Ghosts of old Hollywood and demons of contemporary life both hang heavy over David Fincher’s Mank. This ostensible biopic of Citizen Kane screenwriter Herman J. Mankiewicz does a great job of exploring a troubled character struggling with his problems and his art. But it also delves into what Fincher sees as the root of America’s (and, to an extent, Australia’s) political malaise – power and money corrupting public discourse, and thus, the democratic process. This dual nature means the film tries to do a lot in a limited time. So while its ambitions are lofty, it never really settles into a neat groove as it flip-flops between its elements.
Fincher seeks to do to Mankiewicz what Mankiewicz did to William Randolph Hearst in Citizen Kane – to explore what drives someone to greatness. Citizen Kane posits that childhood trauma drove the rise of Charles Foster Kane to power. Mank suggests politics – and particularly a dirty tricks campaign orchestrated by Hearst – created a rift between Mankiewicz and Hearst. The resulting enmity in turn drove Mankiewicz to write his opus magnus in Citizen Kane.
The theory contains elements of truth. Mankiewicz certainly moved in Hearst’s inner circle. He was also a famous wit – an a raging alcoholic as the film depicts. But just how close he and Hearst were and what really went into the Citizen Kane script aren’t necessarily all that clear. For example, the Kane character is generally accepted to be a composite of Hearst and others, notably Joseph Pulitzer. If that’s right, then Mank’s theory loses steam.
The film opens in 1940 with Mankiewicz (Gary Oldman) disabled after a car accident. He’s ensconced in a room with a secretary Rita Alexander (Lily Collins) and a nurse Fraulein Freida (Monika Grossman). His only task for the next 60 days is to write a script for Orson Welles (Tom Burke). The “wunderkind” director has been given free rein by RKO for his upcoming film project. It needs to be special. Mank has left his wife Sara (Tuppence Middleton) and kids behind to take the job. In the sweltering LA heat, Mank rants, cajoles and drinks. But as the clock ticks, he labours on the screenplay to little effect. Through a series of flashbacks, he recalls his relationship with William Randolph Hearst (Charles Dance), his loyal lieutenant Louis B Mayer (Arliss Howard) – and Hearst’s mistress, the actress Marion Davies (Amanda Seyfried).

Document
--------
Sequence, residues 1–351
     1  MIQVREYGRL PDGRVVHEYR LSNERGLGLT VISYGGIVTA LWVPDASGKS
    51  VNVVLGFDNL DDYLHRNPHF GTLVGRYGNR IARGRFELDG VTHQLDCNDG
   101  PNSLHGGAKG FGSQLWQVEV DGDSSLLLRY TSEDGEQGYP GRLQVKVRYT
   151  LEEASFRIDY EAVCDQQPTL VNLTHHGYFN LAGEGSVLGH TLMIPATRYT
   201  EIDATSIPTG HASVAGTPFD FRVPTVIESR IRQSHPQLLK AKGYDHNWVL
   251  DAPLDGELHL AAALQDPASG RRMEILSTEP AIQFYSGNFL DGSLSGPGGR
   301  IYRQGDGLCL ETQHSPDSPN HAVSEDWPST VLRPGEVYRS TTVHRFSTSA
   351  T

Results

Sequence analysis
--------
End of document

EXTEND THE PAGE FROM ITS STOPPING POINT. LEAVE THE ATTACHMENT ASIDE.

Oddly, the screenplay credit names Jack Fincher – the director’s father – as the screenwriter. But Jack passed away in 2003 – and this appears to be his only screenplay credit. Is Fincher playing games with us, in much the same way Mankiewicz plays games in the film? While it’s of course possible Jack wrote the script while he was alive, it the situation has a whiff of David’s trademark twists about it.
Fincher structures the film similarly to Citizen Kane. It jumps back and forward in time. Screenplay-style titles set each new time frame, but I found it got a little confusing after a while. Just to add to its layers, Mank also charts Mankiewicz’s relationships to three women – Sara, Rita and Marion. DOP Erik Messerschmidt (Mindhunter) shoots in black-and-white, giving the film a very 1940s (dare I say Citizen Kane-like) feel. Maybe it was the cinema where I saw it, but occasionally it looked a bit murky at times. The 1940s feel continues with a surprising, jazz-flecked score by frequent Fincher collaborators Trent Reznor and Atticus Ross. And did I notice allusions to several other Golden Era classics, including Rear Window?
Maybe it’s just me, but I liked the old Hollywood stuff more than the politics in Mank. When it was getting into the relationships between the characters, I was with it all the way. But once the political elements were introduced in the second half of the film, they felt didactic and rather forced. And while I fully get their relevance in 2020, it’s not like they’re saying anything new.
Gary Oldman (The Laundromat) once more shows why he’s one of the preeminent actors of his generation. As you might expect, he plays the multi-faceted Mank with assurance and elan. Lily Collins (Emily in Paris) brings a very British sensibility to the long-suffering Rita. The wonderfully-named Tuppence Middleton (Downton Abbey) brings unexpected vibrancy to the character of Sara. Arliss Howard is terrific as the obsequious Mayer; while Charles Dance lends his vaunted gravitas to Hearst. And Amanda Seyfried (Mamma Mia! Here We Go Again) shines as Marion.
I loved large bits of Mank. As a portrait of its titular character, it’s simply brilliant. As a re-creation of 1940s Hollywood, it’s a winner. But as a political polemic, I could take it or leave it. Amazingly, this is Fincher’s first feature film since Gone Girl (2014). And it’s quite a re-introduction for this major filmmaking talent. Once more he shoots for the moon; and even if this falls a little short of his goal, it’s worth seeing just to witness the master back at the helm.
Mank is in cinemas (where open) now and will be available on Netflix from 4 December 2020
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David Edwards is the editor of The Blurb and a contributor on film and television